Although copper is highly resistant to the chemical action of the atmosphere and of sea water, it turns green if exposed to them for a long time. The colour is caused by the formation of a thin coating of green basic copper carbonate known as patina or verdigris. The latter name comes from the old French vert de Greece (green of Greece), but the reason for it is unknown. This beautiful green is often seen on copper roofs or statues, especially if they are near the sea.
Copper was the first metal man learned to use. Five thousand years ago, when men discovered deposits of pure copper in what are now Iraq and Cyprus, they found that this fairly soft metal could be easily melted, cast in moulds and hammered into tools, weapons and ornaments.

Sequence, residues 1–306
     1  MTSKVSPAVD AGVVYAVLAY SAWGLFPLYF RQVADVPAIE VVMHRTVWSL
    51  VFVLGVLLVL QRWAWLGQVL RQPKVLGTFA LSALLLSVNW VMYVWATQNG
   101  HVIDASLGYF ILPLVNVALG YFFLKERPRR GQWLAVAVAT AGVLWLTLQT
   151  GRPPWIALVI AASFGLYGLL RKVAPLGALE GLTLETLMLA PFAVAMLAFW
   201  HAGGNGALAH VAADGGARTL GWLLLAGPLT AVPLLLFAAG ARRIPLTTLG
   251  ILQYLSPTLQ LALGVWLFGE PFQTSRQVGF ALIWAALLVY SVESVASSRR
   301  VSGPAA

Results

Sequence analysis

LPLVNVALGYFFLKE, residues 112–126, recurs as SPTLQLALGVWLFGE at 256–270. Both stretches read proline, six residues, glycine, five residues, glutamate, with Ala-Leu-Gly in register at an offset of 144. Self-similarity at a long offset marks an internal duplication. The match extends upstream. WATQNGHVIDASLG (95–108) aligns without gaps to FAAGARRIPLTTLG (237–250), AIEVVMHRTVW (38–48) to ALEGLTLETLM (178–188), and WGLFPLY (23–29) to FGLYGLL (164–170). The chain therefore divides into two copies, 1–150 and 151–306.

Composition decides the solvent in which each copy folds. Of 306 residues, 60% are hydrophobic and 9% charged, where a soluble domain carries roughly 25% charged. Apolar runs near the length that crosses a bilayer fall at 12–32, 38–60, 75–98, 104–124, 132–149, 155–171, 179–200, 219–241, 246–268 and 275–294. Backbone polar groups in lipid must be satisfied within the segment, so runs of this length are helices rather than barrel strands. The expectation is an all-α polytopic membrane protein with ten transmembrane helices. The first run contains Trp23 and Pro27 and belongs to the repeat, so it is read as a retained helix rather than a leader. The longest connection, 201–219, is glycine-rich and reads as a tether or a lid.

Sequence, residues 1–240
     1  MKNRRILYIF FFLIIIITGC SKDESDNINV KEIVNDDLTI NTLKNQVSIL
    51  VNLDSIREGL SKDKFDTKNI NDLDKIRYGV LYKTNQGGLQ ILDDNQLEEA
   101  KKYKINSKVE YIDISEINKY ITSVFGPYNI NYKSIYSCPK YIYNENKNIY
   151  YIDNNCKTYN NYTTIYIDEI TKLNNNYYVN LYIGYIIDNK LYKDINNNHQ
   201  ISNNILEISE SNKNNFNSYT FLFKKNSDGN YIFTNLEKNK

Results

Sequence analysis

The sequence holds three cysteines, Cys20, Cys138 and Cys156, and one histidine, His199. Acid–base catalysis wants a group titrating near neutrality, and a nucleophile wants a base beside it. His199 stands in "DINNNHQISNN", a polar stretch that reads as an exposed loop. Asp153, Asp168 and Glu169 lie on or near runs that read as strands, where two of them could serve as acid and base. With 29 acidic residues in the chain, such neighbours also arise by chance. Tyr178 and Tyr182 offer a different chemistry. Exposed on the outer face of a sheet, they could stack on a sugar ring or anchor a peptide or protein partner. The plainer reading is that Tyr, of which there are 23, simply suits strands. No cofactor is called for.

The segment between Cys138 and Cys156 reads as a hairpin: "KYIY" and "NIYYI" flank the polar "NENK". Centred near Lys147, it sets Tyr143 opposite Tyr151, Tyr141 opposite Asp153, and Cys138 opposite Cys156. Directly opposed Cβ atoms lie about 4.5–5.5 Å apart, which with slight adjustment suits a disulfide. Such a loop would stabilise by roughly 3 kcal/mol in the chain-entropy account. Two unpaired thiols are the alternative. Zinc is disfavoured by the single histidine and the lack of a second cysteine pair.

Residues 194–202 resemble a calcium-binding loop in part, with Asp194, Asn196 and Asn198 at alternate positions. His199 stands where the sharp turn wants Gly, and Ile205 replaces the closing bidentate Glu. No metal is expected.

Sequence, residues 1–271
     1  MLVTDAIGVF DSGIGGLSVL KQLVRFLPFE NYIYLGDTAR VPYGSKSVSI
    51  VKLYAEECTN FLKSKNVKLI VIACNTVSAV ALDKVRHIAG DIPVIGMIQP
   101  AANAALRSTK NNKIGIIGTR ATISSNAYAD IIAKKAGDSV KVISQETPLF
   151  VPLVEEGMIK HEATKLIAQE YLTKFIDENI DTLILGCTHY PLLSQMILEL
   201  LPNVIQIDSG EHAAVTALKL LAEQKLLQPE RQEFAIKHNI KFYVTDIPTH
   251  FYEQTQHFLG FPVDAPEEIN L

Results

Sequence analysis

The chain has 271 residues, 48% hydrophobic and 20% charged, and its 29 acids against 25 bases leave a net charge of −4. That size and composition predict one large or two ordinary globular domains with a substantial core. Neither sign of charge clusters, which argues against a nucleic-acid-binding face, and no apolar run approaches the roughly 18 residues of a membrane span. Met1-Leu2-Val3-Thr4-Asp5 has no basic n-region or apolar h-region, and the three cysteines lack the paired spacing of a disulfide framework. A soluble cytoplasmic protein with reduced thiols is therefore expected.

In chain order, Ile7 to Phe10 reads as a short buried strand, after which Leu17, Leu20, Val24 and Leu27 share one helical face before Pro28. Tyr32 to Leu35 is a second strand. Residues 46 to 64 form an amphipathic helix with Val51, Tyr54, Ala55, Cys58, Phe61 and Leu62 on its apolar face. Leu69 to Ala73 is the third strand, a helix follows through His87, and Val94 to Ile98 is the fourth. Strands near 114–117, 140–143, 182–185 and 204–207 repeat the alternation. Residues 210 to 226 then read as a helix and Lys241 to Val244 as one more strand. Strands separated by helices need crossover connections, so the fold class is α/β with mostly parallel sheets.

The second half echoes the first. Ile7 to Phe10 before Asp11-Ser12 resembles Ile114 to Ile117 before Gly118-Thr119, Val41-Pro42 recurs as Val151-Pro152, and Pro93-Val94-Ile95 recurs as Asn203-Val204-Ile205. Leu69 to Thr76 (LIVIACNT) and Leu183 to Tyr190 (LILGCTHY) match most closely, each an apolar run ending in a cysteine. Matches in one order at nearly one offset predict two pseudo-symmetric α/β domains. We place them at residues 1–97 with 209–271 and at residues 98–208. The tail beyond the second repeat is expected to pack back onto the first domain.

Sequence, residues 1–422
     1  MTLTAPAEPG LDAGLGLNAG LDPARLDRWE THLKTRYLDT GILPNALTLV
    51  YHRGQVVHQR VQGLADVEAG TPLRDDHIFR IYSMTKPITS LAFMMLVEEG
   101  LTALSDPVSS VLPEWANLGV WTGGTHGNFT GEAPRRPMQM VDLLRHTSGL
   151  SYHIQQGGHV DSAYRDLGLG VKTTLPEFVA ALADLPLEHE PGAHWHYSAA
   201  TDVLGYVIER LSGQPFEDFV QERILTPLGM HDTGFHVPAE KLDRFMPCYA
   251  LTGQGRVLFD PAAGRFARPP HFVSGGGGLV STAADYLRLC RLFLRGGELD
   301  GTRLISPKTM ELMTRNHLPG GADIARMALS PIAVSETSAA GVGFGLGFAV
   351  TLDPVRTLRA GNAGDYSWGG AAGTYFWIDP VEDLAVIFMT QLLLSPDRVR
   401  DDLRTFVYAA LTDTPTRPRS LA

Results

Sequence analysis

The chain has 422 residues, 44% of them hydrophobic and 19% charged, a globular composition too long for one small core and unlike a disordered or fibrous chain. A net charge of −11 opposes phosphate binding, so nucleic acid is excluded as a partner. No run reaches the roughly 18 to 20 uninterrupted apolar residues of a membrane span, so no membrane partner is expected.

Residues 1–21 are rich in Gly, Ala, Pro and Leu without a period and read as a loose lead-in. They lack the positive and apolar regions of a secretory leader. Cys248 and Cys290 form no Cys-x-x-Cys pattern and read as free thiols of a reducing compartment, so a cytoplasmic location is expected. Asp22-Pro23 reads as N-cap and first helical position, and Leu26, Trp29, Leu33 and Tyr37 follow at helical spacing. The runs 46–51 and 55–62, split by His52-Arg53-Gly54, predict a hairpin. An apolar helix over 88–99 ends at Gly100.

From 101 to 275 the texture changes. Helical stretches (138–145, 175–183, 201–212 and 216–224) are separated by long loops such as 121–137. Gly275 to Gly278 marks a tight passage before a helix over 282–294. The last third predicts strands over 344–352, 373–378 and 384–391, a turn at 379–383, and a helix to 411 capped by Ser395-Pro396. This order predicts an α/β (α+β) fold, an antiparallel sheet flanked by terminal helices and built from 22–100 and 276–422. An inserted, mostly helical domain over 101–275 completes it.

About half the copper produced today is used by the electrical industry. Pure copper is the best cheap conductor of electricity and can be drawn into threads one-thousandth of an inch thick.
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